|Year : 2018 | Volume
| Issue : 3 | Page : 293-296
Radiographic findings in adults with chronic cough in Nigeria
Falmata Audu Gubio1, Ahmed Abubakar1, Alhaji Modu Ali2
1 Department of Radiology, Federal Neuro Psychiatric Hospital, Maiduguri, Borno State, Nigeria
2 Department of Radiology, Federal Neuro Psychiatric Hospital, Maiduguri, Borno State; Department of Radiography/Radiological Sciences, Faculty of Health Sciences and Technology, Nnamdi Azikwe University, Nnewi, Anambra State, Nigeria
|Date of Web Publication||25-Sep-2018|
Mr. Alhaji Modu Ali
Department of Radiology, Federal Neuro Psychiatric Hospital Maiduguri, P.M.B 1322 Maiduguri, Borno State
Source of Support: None, Conflict of Interest: None
BACKGROUND: A cough is the major functional mechanism which is responsible for the clearance of secretions from the respiratory tract and serves as an important defense mechanism, and chest X-ray is the commonly indicated examination in this category of patients for possible diagnosis and treatment.
AIMS: This study aimed at evaluating the spectrum of findings among patients presented with a chronic cough in the tropics.
MATERIALS AND METHODS: A prospective study design was used to obtain data over a period of 3 months (March–May 2018). Adult patients aged 18 years and above who presented to the department with indication of chronic cough and plain posteroanterior chest radiographs with optimum diagnostic value were included in the study. All the radiographs were reported by a radiologist. The age, sex, coughing duration, lung changes, heart changes, and diagnosis were recorded. Data were analyzed using the SPSS software version 22.0.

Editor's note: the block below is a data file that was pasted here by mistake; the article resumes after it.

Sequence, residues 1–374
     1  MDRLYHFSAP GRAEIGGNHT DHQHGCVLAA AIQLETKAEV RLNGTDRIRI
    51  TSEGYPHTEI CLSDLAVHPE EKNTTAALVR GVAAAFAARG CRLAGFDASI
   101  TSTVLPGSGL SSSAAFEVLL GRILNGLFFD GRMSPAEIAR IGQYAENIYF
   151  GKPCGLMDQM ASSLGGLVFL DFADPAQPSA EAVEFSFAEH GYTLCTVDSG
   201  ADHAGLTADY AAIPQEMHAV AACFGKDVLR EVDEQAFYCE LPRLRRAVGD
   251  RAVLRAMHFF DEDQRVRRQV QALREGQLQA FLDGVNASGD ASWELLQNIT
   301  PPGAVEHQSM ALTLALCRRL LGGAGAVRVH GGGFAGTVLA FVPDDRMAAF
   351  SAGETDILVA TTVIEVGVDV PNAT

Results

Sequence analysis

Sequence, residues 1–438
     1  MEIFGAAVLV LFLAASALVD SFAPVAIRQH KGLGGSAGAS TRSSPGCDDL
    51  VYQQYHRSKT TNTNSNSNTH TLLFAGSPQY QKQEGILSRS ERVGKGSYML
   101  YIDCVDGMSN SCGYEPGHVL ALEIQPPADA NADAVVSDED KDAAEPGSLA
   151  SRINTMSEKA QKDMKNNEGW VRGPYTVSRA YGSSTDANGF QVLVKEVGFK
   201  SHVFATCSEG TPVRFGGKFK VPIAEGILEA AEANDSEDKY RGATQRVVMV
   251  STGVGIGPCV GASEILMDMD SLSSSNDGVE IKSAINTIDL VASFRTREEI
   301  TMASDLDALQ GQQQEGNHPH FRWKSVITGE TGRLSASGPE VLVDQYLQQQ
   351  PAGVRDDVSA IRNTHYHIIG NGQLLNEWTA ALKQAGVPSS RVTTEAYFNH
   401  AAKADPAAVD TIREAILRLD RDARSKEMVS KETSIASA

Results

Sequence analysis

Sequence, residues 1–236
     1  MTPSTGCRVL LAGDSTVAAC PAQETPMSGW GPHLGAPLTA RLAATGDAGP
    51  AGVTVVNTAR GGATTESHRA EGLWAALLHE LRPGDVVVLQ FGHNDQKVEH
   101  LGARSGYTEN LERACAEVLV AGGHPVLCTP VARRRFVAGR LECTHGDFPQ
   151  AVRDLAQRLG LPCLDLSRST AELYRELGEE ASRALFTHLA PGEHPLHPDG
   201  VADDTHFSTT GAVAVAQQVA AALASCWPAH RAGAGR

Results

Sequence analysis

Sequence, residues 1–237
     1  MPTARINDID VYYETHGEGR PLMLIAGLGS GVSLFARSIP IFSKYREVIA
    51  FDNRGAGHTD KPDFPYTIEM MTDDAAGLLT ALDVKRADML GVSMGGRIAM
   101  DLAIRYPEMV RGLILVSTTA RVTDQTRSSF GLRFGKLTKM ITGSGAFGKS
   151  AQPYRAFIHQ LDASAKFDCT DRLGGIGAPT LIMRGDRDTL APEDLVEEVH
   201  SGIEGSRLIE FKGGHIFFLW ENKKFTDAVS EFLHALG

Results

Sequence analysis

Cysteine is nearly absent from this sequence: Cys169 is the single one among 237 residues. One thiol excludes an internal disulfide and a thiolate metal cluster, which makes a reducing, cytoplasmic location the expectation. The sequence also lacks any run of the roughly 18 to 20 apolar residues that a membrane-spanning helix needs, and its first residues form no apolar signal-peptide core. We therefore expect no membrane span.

RESULTS: A total of fifty patients with a chronic cough were included in the study. The male-to-female ratio (M:F) was approximately 3:2. The mean age of the patients was 43.88 ± 19.24 years (range, 18–95 years). Forty-six (92.0%) patients were nonsmokers, while four (8%) were smokers. Radiographs of the twenty (40%) patients appeared normal, while thirty (60%) were abnormal, with lung opacities accounted for 34% and 26% for the right and left lungs, respectively.
CONCLUSION: Chest X-ray in patients with a chronic cough nearly always causes detectable changes and lung opacity was the commonest lung change. These patterns corroborated with most studies that have been done.
Keywords: Chest, chronic cough, diagnosis, opacity, radiograph
|How to cite this article:|
Gubio FA, Abubakar A, Ali AM. Radiographic findings in adults with chronic cough in Nigeria. Indian J Health Sci Biomed Res 2018;11:293-6
| Introduction|| |
A cough is one of the most common symptoms for which patients seek medical attention. It is a defense mechanism for clearing secretions and noxious substances from the tracheo-bronchial tree. It is a symptom of pathologic condition or process, but it may also become a means of spreading infection.
A chronic cough can be defined as a persistently troublesome cough lasting for >3 weeks. Most of the time, chronic cough is caused by a respiratory tract infection but can also be triggered choking, smoking, air pollution, asthma, gastrooesophageal reflux disease, post nasal drip, chronic bronchitis. Lung tumours, heart failures and some medications such as angiotensin-converting enzyme (ACE) inhibitors. Several studies have attempted to delineate the causes of a chronic cough and have reached the same conclusion in the absence of smoking., In the vast majority of cases, chronic cough may be attributed to one or a combination of four conditions. They include chronic bronchitis, postnasal drip syndrome, asthma, and gastroesophageal reflux disease. Having a normal chest X-ray will suggest that a cough is likely caused by one of these four entities.